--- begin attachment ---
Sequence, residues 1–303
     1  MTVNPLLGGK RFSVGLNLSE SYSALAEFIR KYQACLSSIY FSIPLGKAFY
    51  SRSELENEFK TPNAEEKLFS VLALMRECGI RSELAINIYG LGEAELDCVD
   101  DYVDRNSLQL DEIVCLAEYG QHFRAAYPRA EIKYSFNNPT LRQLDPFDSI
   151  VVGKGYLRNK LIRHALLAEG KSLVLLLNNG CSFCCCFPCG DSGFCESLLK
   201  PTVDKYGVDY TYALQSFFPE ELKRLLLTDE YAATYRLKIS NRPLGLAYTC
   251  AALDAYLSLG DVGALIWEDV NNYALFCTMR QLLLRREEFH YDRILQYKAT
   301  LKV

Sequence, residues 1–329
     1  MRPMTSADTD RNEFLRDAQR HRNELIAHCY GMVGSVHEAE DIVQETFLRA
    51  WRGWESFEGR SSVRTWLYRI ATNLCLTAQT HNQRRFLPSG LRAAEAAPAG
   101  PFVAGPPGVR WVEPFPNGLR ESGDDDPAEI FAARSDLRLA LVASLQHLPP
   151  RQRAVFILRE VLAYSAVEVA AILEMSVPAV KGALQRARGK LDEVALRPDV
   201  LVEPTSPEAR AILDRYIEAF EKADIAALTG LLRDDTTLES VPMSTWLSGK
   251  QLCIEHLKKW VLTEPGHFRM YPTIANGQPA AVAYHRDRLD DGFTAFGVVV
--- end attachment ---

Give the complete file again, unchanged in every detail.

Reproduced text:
Sequence, residues 1–303
     1  MTVNPLLGGK RFSVGLNLSE SYSALAEFIR KYQACLSSIY FSIPLGKAFY
    51  SRSELENEFK TPNAEEKLFS VLALMRECGI RSELAINIYG LGEAELDCVD
   101  DYVDRNSLQL DEIVCLAEYG QHFRAAYPRA EIKYSFNNPT LRQLDPFDSI
   151  VVGKGYLRNK LIRHALLAEG KSLVLLLNNG CSFCCCFPCG DSGFCESLLK
   201  PTVDKYGVDY TYALQSFFPE ELKRLLLTDE YAATYRLKIS NRPLGLAYTC
   251  AALDAYLSLG DVGALIWEDV NNYALFCTMR QLLLRREEFH YDRILQYKAT
   301  LKV

Sequence, residues 1–329
     1  MRPMTSADTD RNEFLRDAQR HRNELIAHCY GMVGSVHEAE DIVQETFLRA
    51  WRGWESFEGR SSVRTWLYRI ATNLCLTAQT HNQRRFLPSG LRAAEAAPAG
   101  PFVAGPPGVR WVEPFPNGLR ESGDDDPAEI FAARSDLRLA LVASLQHLPP
   151  RQRAVFILRE VLAYSAVEVA AILEMSVPAV KGALQRARGK LDEVALRPDV
   201  LVEPTSPEAR AILDRYIEAF EKADIAALTG LLRDDTTLES VPMSTWLSGK
   251  QLCIEHLKKW VLTEPGHFRM YPTIANGQPA AVAYHRDRLD DGFTAFGVVV